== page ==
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Jan 05/2015

It’s difficult to characterize HOMESHAKE, the solo project of Peter Sagar, former guitarist for Mac DeMarco. In the Shower, Sagar’s genre-defying debut album, is a pleasing blend of funk-inspired bass lines, indie melodies and jazzy rhythms — a sound DeMarco jokingly refers to ‘jizz-jazz.’

It was a little tricky to figure out when to leave, but I needed more time to work on my own stuff and do other things…

Now living in Montreal, Edmonton-born Sagar admits it was risky to go out on his own at the height of DeMarco’s meteoric rise to success. “It was a little tricky to figure out when to leave, but I needed more time to work on my own stuff and do other things I missed so much on the road, like cooking dinner with my sweetie and watching shitty action movies.”

But with risk comes reward, and Sagar’s decision to go it alone seems to have paid off. His self-titled EP, The HOMESHAKE Tape, and full-length album In the Shower were both favourably received by critics and fans alike, with Exclaim! giving the latter 8 out of 10.

Given the leapfrogging of cities and countries that occurred with DeMarco, it’s impressive that Sagar found the time to write and record both HOMESHAKE releases while touring. “Playing on the road every night leaves me with very little energy or time to come up with new ideas, so it took quite a while to get the album on tape. But I’m a patient guy,” he says.

He’s quick to explain that despite the challenges of touring, he cherished his time on the road with DeMarco and Co. “We’d be in a new place for weeks and months at a time and, being a bit of a homebody, I’d get pretty tired of it. But I was with some of the world’s finest men. We could have been working dishwashing jobs together and it still would have been great.”

He speaks warmly of his past experiences, but also acknowledges the perks of being able to set his own schedule now. Rather than assembling riffs and bits of songs at sound checks or during brief moments of downtime, he’s able to really focus on achieving his goals as a solo artist. “I’ve been getting a lot of work done, and it’s a lot more satisfying to work on something brand new instead of recording songs you wrote nine months ago.”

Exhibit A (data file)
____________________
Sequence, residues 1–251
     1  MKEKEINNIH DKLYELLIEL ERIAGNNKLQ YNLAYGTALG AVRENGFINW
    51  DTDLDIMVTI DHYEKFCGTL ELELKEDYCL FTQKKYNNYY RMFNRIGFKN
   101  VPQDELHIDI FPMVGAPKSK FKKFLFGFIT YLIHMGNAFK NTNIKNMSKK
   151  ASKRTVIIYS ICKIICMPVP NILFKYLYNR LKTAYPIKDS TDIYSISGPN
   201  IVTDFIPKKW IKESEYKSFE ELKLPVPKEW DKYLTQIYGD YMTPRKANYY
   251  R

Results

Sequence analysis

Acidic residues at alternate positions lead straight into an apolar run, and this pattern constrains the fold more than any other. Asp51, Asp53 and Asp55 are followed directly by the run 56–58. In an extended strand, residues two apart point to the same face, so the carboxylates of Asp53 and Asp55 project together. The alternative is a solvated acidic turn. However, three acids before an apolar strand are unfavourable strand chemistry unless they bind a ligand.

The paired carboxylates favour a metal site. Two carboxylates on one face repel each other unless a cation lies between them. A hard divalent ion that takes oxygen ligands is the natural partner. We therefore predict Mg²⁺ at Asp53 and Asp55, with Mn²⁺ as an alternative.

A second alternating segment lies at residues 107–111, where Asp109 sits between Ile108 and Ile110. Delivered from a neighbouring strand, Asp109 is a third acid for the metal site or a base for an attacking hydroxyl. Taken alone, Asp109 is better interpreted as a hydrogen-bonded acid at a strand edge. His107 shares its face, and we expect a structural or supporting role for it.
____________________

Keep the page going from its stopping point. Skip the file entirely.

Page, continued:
The HOMESHAKE Tape was definitely a bridge between the music I’d been writing while living in Edmonton and after moving to Montreal. It’s got a bit more of a cohesive sound.

Perhaps it’s this immediacy that contributes to the fluidity of In the Shower. “The Homeshake Tape was definitely a bridge between the music I’d been writing while living in Edmonton and after moving to Montreal. It’s got a bit more of a cohesive sound.”

Sagar is one of many creative Edmontonians — like DeMarco — whose work has been positively influenced by moving to cities like Montreal, where the music scene is arguably more progressive. He explains, “Being somewhere larger that a lot of artists move to, [Montreal] has a wider variety of ideas being explored. Living [there] has helped me to think outside my own box.”

The hectic touring cycle might have stopped for now, but Sagar does plan to take HOMESHAKE on the road. “We’ve got some real hot players in the group,” he says. For the moment, he’s enjoying the simplicities of home life that have eluded him over the past few years. “Every morning I wake up in my own bed and make myself some breakfast. This is the life baby, oh yeah.”